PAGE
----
All in all, Georgia Tech seems like a great place to be for studying the areas in which they already have a strong focus. In other areas, it seems like you must be strongly self-motivated, but that there are other resources around the campus that are at your disposal, though it may be tricky becoming friendly with other departments. The School of ID is new, it has a new director and a new graduate adviser (who was the previous undergrad adviser). Overall, is seems like a small program that is finding its way at a great University. After nearly getting the axe and losing the AWPL collaboration, the MID program will certainly require strong direction, and that is why Mr. Budd is there. I am uncertain of whether he will make the program more well-rounded; I didn’t really get the feeling that is a priority. There are a lot of complex projects that require team-based collaboration with other departments, tackling large problems such as hospital room design, rather than ordinary consumer products.

If there are any current of former students out there, I’d love to hear from you, thanks!

Thanks for the great recap. Any pics from the tour?

I went through Tech’s MID program (I have an engineering background) and your assessment is pretty spot-on regarding the areas you were able to visit. Georgia Tech is a bit of a tough school for graduate level ID in that you really have to be VERY proactive in determining what you want to get out of it, but you can really get connected to a lot of great people and resources if you are focused.

Some other strong points of their program include work you can do with other schools and organizations located on campus. I did my thesis work with an adviser that was focused on sustainable initiatives, and those offices were practically on the other side of campus. Another really strong resource for graduate ID was through their IDT program, which is part of their liberal arts school. It is an excellent and highly-developed program that could really sky-rocket an MID focused on Interaction design into some great thesis work, although it doesn’t have any classes cross-listed with the ID school. I have high hopes, from both the new director and the new funded Chair which is ME/ID, that we’ll see some cross-pollination between the stellar engineering schools and ID - that could become a great combination.

But as for you, the areas you visited and mentioned seem the most related to your focus and work and I feel you probably received a fair assessment. By the sound of it you’d be on the 3 year track to supplement your lack of design background; the time line there is something else to consider. Tech’s MID is a ton of time establishing/researching/writing thesis materials, and if you’re not into that aspect of design work then it will be a pretty big waste of your time. You might take a look at some past Tech ID theses online to see how people integrated their love of furniture design into a research project, and see if that’s something you could see yourself doing. Otherwise, it might just be one big headache that doesn’t help you achieve your goal.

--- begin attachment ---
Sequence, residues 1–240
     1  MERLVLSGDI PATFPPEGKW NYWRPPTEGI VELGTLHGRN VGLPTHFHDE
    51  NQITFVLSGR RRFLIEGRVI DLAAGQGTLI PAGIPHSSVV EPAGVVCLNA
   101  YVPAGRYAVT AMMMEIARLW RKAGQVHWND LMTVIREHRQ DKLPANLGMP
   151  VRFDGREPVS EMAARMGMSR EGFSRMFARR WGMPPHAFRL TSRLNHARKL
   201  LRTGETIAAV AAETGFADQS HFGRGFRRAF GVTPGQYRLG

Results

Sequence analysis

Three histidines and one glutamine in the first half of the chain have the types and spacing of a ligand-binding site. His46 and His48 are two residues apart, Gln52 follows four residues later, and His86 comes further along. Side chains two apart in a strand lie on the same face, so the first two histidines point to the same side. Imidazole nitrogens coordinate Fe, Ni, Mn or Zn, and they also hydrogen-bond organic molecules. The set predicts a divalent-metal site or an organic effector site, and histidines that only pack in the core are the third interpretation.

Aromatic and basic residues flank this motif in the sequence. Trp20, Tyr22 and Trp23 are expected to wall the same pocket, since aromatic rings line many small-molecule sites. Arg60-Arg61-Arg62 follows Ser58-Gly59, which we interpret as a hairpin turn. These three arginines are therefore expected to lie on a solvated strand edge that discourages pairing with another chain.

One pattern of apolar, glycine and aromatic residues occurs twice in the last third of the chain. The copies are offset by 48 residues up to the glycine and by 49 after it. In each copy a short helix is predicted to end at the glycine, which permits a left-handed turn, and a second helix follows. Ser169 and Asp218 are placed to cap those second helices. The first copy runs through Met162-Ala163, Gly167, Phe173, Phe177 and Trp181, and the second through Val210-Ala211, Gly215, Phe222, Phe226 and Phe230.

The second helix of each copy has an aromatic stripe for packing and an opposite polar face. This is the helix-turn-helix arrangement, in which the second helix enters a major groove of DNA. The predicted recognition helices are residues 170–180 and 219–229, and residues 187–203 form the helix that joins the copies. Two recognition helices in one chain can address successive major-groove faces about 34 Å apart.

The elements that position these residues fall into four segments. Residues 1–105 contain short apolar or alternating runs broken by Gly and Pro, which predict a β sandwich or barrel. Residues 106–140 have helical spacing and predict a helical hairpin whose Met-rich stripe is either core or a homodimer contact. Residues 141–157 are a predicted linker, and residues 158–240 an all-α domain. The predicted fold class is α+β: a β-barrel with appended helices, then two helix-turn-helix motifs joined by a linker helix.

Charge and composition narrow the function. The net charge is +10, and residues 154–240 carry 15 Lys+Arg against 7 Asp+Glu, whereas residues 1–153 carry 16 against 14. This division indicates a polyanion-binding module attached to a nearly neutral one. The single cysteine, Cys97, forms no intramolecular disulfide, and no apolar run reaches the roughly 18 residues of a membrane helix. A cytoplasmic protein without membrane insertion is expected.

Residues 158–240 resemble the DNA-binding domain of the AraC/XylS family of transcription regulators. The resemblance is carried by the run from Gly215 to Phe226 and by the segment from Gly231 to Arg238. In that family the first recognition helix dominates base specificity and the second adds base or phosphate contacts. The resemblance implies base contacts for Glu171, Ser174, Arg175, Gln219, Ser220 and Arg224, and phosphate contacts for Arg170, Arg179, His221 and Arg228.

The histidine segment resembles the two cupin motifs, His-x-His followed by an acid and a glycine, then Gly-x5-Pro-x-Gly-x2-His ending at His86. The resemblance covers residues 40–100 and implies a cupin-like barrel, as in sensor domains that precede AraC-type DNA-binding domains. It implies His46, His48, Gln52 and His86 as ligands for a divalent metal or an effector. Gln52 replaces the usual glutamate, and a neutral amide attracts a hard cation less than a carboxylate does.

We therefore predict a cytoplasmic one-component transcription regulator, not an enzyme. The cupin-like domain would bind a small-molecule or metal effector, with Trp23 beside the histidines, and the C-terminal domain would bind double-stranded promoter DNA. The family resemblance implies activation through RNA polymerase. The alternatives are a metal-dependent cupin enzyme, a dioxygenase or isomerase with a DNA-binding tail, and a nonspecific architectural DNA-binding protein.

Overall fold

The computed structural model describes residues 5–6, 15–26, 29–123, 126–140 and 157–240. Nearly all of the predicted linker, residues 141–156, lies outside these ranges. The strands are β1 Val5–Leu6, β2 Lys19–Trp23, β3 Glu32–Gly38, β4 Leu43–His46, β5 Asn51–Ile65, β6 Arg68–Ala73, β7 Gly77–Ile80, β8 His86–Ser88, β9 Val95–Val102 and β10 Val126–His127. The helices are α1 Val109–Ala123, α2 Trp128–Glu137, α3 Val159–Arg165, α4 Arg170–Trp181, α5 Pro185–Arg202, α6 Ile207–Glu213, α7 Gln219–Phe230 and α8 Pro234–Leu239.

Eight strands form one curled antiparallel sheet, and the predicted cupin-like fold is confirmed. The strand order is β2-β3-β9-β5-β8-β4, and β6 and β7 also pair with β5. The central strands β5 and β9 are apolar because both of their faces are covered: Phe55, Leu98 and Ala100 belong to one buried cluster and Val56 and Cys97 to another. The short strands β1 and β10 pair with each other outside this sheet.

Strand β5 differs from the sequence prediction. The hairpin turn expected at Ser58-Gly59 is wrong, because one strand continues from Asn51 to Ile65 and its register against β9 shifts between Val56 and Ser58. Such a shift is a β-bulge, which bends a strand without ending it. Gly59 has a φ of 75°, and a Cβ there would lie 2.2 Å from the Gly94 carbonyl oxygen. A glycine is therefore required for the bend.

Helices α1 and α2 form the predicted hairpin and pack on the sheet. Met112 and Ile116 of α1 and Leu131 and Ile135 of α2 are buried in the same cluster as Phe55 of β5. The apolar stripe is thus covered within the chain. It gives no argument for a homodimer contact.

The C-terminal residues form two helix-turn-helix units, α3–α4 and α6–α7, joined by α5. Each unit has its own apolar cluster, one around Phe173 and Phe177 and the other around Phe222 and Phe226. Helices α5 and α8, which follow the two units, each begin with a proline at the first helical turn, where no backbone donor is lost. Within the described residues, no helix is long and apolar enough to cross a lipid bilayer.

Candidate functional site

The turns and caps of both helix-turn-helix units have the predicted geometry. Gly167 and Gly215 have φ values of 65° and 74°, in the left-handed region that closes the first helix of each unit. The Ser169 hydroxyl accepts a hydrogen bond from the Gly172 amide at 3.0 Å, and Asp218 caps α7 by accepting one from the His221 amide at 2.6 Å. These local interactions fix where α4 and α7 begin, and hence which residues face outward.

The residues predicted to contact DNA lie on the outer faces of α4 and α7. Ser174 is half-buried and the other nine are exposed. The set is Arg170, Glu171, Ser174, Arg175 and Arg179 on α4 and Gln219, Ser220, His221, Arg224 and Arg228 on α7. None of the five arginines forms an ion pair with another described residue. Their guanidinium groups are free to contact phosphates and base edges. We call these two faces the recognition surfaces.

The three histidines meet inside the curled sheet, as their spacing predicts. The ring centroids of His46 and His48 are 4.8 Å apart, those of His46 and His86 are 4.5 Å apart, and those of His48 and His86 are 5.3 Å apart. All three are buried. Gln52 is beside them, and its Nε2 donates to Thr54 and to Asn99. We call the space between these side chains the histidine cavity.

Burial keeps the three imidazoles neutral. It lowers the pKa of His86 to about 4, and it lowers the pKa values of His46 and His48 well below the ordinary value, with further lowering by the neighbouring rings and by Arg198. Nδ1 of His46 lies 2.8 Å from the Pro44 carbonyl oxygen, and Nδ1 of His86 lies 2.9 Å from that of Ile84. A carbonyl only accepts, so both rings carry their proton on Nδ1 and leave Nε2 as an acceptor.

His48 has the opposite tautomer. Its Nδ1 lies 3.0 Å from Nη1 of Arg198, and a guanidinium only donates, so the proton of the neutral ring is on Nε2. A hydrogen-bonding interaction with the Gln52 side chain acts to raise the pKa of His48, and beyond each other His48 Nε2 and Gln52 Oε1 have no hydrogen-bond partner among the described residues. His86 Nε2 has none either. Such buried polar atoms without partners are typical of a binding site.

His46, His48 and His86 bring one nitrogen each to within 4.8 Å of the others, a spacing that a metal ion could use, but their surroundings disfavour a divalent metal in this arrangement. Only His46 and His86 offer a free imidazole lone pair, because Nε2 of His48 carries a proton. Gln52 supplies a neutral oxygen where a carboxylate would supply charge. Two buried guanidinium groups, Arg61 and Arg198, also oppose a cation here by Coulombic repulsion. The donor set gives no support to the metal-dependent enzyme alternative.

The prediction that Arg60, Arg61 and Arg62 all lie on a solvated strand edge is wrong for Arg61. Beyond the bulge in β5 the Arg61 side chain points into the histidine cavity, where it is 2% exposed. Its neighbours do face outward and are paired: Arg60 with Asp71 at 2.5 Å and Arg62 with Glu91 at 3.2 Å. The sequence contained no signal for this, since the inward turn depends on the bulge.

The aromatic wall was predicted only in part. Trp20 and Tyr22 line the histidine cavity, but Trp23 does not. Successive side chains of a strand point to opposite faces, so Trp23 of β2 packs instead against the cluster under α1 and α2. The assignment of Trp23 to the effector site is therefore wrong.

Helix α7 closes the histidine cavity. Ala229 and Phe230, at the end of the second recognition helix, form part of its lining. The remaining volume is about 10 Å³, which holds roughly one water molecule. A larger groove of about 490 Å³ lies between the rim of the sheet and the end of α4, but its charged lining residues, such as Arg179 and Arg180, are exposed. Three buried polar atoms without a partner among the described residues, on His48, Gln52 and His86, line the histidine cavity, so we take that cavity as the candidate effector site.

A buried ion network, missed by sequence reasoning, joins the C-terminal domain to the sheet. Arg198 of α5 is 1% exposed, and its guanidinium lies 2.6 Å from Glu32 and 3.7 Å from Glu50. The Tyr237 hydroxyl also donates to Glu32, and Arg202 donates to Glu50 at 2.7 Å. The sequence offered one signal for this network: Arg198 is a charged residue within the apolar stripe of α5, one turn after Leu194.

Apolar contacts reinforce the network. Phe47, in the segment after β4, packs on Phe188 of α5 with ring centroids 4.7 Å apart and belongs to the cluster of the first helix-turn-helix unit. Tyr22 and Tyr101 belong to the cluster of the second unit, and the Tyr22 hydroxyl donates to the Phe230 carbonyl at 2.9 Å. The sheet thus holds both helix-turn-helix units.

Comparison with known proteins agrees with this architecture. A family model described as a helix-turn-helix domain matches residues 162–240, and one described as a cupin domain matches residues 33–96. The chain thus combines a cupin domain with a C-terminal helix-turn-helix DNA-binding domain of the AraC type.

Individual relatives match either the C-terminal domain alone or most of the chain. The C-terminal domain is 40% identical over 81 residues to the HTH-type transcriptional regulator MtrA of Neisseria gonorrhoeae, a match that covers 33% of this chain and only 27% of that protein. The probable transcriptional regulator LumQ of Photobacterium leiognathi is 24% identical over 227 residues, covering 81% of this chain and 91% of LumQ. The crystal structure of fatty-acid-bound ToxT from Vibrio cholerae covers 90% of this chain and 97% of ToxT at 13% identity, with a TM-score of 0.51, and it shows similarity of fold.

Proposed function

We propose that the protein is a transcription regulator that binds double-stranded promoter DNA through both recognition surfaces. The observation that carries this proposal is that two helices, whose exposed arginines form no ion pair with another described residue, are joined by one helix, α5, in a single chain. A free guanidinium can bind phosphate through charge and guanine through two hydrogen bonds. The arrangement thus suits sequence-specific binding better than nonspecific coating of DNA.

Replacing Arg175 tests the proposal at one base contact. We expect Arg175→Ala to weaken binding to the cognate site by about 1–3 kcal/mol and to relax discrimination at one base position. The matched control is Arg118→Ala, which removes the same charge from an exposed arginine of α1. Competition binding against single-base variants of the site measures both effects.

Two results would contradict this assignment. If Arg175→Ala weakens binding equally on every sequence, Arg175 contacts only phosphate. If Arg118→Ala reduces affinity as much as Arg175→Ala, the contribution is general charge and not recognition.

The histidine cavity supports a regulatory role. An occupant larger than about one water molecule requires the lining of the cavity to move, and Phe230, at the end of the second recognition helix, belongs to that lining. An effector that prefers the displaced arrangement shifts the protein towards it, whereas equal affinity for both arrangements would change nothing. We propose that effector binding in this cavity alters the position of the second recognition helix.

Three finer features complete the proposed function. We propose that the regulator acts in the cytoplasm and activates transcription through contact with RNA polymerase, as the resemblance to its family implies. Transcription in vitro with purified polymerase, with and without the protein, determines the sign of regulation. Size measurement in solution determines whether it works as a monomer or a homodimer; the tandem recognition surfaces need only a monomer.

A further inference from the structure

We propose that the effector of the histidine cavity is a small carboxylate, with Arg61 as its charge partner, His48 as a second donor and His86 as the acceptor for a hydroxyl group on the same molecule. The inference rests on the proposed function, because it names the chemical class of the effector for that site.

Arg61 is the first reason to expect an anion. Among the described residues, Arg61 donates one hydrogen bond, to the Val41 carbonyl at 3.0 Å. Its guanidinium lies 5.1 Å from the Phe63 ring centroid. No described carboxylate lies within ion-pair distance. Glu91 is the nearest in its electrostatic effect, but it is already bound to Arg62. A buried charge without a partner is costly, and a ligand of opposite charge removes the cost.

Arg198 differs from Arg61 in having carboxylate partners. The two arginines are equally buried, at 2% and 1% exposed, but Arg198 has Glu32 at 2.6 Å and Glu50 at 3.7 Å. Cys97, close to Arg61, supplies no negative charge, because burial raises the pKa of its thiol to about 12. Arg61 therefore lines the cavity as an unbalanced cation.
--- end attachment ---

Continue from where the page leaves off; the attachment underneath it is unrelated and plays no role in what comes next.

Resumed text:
Sorry if that’s negative - I just want to make sure you’re considering what’s going to get you where you want to go. Maybe auditing some courses, or looking into working at CATEA part time as a research assistant might be possible without going through the full program. I’m not bashing their program at all - I had a great experience there, and my MID provided exactly what I wanted and needed. If you like, PM me and I’ll try to connect you to some folks that worked at the AWPL before its demise that might be able to give you some advice as well.

edit: Oh yeah, that vacuformer is as old as Moses. We used to cook pizzas on it sometimes. :slight_smile:

Yo: No pics but am going to NC State next week so maybe I’ll get some of NCSU.

Modern Artisan: Thanks a lot for the info!

bump for updates of the other schools

this is a great post, very helpful. thanks for putting in the time to do it


Saw this today while I was snooping around the forums. I’m currently a 4th year (we call it Junior year) at UC DAAP. I’d agree with what you have said. Of course my view is slightly bias, but I can’t speak high enough of the program. Coming from little to no design background, the school has taken each student, from any skill level, and put them in a position to be working in this industry. The biggest and by far the greatest part of the program is the co-op program. There really is no way to teach in a classroom the things you learn working a real job. I’m currently in my forth quarter of co-op and have 3 products coming to market at the end of this year. How great those products are is up for debate haha, but seriously having the opportunity to even be in a position to design products for companies, to be working in the industry is amazing.

In terms of prototyping, work area, etc. we have all the tools you could ever really need. We feel pretty lucky about having such resources for our projects, and the school has always put an emphasis on creating our designs through prototypes, and not just digitally. It’s an aspect of design that not everyone focuses on anymore, and it is somewhat of a unique experience to learn all those tools.

Now I will say that if you are interested in furniture, I believe there is a furniture studio you can take (outside of the ID curriculum). Besides that, our final project each and every for 4th year students is designing and manufacturing a chair. That’s probably the one project everyone looks forward to (in the product design track). Another thing to consider, is though you may not have met people who had many contacts, or heard about many contacts in the furniture industry, don’t underestimate the ability to make those contacts. UC has little to no contacts within the bicycle industry, and I had the opportunity to meet a bunch of people this last academic quarter actively in the industry and build my own contact list. The school even sent a few students to Interbike, national bike convention, in Vegas this year to present work we did in the summer (electric bicycles).UC has a long established well respected program and you can find alumni anywhere and meet people all over the place.

I won’t bore you with every detail, but if you, or anyone, have/has any questions about UC specifically I can do my best to answer them.

Thanks a lot for the good information. I’ll send you a PM. I applied to UC last week. Keep it coming, students and alumni!

As an alum of NC State (1989) and tried to help Appalachian State as they developed their program, I am gad to hear things are going well.

NCSU '93. Duke and UNC medical schools makes for a great opportunity in medical device design.

Cheap like dirt back then, looks like it is still inexpensive today. You also could get residency in 1 year back in the day, great for this carpetbagger. I don’t know the rules now.

Year, in the 80’s it was about $400 per semester for in-state students. Very helpful as my parents had three kids going through college at the same time.